Critics’ Picks

Hiroshi Sugimoto, Surface of Revolution with Constant Negative Curvature (Mathematical Model 009), 2006, aluminum and mirror, 76 x 27 1/2".

Hiroshi Sugimoto, Surface of Revolution with Constant Negative Curvature (Mathematical Model 009), 2006, aluminum and mirror, 76 x 27 1/2".

Washington, DC

Hiroshi Sugimoto

The Phillips Collection
1600 21st Street NW
February 7–May 10, 2015

Sculpture is only a sliver of Hiroshi Sugimoto’s practice. It’s a shame there isn’t more of it: This project show finds the Japanese artist tabbing effortlessly between dimensions. A trio, no, a trinity of sculptural works in machined aluminum dwells on the same sense of arrested time that Sugimoto captures in his photographs. “Conceptual Forms and Mathematical Models,” a sampling of his sculpture and related photography, is a satellite of a larger survey also at the Phillips on Man Ray’s “Shakespearean Equations” paintings. Both shows revolve around nineteenth-century mathematical models (a fascination shared by the artists). Sugimoto’s photographs of Peaucellier’s Inversor and Hart’s Inversor—mechanical devices for showing how rotary motion can be converted into linear motion—are depictions of sculptures, in a sense. The original artifacts typically look like contraptions, but Sugimoto obscures that resemblance in the way he shoots the photographs, which restore their source material, functioning as abstractions of concrete models.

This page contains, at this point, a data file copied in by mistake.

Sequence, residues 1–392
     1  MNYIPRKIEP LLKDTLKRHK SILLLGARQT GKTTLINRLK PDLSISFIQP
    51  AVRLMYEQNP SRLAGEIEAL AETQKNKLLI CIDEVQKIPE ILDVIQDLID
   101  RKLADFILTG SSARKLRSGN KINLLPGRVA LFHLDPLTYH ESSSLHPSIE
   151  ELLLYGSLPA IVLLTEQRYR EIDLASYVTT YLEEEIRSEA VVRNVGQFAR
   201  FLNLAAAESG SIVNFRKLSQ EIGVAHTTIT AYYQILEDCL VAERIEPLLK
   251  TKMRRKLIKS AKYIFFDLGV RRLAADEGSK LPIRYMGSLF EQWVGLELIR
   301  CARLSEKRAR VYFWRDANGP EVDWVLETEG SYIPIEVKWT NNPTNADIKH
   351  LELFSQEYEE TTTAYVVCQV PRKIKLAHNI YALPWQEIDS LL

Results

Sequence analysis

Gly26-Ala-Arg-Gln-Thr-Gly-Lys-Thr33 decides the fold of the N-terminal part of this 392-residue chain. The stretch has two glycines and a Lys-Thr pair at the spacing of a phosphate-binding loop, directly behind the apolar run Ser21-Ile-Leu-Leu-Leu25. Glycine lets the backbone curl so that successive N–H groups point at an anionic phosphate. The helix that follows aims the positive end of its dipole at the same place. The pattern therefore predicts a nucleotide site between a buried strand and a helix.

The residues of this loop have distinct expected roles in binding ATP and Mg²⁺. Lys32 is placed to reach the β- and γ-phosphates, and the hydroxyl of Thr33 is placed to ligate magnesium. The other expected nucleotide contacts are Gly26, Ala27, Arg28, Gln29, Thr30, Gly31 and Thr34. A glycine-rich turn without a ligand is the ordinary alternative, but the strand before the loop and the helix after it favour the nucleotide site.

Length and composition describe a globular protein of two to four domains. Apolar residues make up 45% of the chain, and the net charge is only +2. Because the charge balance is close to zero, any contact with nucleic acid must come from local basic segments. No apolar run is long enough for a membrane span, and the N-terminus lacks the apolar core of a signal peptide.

Sugimoto’s sculptures, meanwhile, are closer in concept to the physical models. For example, Surface of Revolution with Constant Negative Curvature (Mathematical Model 009), 2006, is precisely what it claims to be: A cone rising asymptotically from a sizeable mirrored base to a point over the viewer’s head. The equations that inform the titles to all three sculptures are bound to escape most viewers: no matter. The concepts of infinity, of singularity, of horizonlessness—of the possibility of finding truth in the laws of nature—are as achingly beautiful in Sugimoto’s steely curves as they are in his photographs of the sea.